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Broadband slower than a year ago - Commerce Commission tester

Average NZ broadband speed rose from 10.8Mbit/s in January 2012 to 11.5Mbit/s in January 2013, according to TrueNet (one of two testers on contract to the Commerce Commission).

Neat stuff … except that the January 2013 average is pumped up by a small number of TrueNet testers who’re now on UFB fibre, or VDSL (a new, faster type of copper connection, though only available for those who live close enough to an exchange or cabinet).

If you allow for those outliers by focusing on median performance (or mid-point in the spread of speeds among TrueNet’s hundreds of volunteer testers), the situation isn’t so flash.

TrueNet principal John Butt told NBR the January, 2012 median was 11.2Mbit/s; the January 2013 median 10.5Mbit/s.

Chorus and other infrastructure players continue to upgrade broadband networks, but not everybody is willing to pay for the fastest plan on offer from their ISP (assuming it's available in their neighbourhood).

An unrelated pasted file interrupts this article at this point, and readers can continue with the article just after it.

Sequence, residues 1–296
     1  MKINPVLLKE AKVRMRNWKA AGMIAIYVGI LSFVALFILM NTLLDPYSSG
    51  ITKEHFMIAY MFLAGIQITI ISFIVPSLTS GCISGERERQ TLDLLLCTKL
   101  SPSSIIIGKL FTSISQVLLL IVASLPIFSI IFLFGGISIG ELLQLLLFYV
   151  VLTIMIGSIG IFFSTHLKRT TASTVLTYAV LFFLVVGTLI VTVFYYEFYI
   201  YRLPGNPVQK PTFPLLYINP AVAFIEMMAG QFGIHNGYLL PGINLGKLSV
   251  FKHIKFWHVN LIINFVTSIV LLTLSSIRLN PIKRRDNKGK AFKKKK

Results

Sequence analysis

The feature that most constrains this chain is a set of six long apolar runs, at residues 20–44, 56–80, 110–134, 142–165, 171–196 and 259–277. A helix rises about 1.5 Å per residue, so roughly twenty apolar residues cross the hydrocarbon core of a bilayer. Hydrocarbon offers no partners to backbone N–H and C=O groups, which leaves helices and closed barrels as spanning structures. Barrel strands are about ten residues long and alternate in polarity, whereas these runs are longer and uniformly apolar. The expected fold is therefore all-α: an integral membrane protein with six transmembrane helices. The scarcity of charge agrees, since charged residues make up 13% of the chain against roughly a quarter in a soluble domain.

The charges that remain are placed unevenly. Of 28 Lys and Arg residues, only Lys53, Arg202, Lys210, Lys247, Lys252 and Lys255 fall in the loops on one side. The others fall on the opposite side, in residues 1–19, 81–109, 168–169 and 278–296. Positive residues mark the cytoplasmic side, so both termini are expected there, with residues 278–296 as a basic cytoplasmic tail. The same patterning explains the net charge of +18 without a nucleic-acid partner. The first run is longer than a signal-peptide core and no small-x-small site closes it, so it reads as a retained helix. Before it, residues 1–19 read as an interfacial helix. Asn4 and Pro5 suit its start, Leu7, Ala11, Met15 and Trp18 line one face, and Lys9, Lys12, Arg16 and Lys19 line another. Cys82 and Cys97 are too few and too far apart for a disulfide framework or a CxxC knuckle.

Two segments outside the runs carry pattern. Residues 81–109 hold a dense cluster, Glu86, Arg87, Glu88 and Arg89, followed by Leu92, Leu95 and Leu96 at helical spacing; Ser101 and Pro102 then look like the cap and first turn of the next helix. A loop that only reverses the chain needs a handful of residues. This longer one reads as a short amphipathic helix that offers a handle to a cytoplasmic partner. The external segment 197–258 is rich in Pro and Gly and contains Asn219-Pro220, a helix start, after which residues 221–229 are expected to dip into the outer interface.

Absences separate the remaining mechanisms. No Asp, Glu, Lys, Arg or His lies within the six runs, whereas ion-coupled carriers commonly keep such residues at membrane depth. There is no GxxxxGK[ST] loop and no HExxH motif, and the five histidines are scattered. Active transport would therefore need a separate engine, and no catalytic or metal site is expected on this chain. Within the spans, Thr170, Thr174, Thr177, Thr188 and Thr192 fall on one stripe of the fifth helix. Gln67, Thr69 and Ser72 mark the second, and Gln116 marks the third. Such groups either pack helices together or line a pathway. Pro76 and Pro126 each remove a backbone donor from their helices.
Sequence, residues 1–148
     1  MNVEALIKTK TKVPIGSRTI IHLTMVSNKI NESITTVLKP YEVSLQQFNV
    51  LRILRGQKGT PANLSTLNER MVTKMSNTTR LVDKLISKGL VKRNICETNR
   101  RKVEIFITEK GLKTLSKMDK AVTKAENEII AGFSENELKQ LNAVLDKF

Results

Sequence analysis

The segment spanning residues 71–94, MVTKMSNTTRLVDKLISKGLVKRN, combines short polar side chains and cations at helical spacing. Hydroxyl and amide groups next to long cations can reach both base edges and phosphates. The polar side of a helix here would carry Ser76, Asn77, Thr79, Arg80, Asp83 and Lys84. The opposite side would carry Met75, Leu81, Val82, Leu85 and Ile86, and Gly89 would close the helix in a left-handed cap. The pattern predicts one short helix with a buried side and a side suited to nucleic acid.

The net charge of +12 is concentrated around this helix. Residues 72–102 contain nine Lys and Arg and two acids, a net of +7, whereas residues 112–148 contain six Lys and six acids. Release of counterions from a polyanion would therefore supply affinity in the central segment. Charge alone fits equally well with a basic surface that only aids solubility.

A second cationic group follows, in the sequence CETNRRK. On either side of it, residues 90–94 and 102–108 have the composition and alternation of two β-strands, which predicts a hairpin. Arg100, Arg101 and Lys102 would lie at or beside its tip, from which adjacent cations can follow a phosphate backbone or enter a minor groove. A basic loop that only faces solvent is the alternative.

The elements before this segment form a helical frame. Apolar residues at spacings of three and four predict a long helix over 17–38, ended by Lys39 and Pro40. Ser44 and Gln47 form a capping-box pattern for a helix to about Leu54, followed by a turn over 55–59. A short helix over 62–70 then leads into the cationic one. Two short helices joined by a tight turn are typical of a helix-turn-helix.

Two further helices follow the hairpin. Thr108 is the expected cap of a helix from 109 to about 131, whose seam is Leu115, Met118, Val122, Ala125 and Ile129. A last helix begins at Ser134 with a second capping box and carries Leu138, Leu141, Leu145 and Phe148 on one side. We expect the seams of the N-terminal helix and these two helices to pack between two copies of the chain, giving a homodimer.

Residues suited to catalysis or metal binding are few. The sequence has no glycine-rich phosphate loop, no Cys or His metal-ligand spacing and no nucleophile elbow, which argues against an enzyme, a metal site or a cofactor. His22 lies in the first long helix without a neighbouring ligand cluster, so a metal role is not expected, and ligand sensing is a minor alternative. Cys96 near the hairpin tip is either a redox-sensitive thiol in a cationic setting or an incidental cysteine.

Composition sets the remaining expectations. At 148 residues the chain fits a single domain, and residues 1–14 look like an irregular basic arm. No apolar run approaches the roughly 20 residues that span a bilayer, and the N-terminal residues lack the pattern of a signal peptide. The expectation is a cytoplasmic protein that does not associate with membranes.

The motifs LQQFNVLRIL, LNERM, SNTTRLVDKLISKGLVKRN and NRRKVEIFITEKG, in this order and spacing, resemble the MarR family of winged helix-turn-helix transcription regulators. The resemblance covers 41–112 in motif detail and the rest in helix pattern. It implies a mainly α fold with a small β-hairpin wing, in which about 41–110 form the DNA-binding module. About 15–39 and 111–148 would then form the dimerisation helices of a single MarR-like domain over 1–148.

TrueNet's tests were carried out at 5am. Peak times will be slower for those on copper; much slower during the two broadband rush hours identified by previous testing for the Commerce Commission: when school's out, and the end of prime time.

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Comments and questions
2

Good on you Mr Keall for identifying the flaw in the results.

The testing a year ago was done just as trunet started, so volunteers were mostly made up of 'geeks' who know how to get the best from their broadband (i.e., they get home wiring done, use a decent modem, etc).
The volunteers added since then will likely skew towards the non-geeks, so would expect their speeds to be slowed since they don't know that they should sort their wiring out at home to improve speed, and this would bring the median down.

A more useful test would be to look at how the speeds have changed of only the people who were signed up last year to truenet.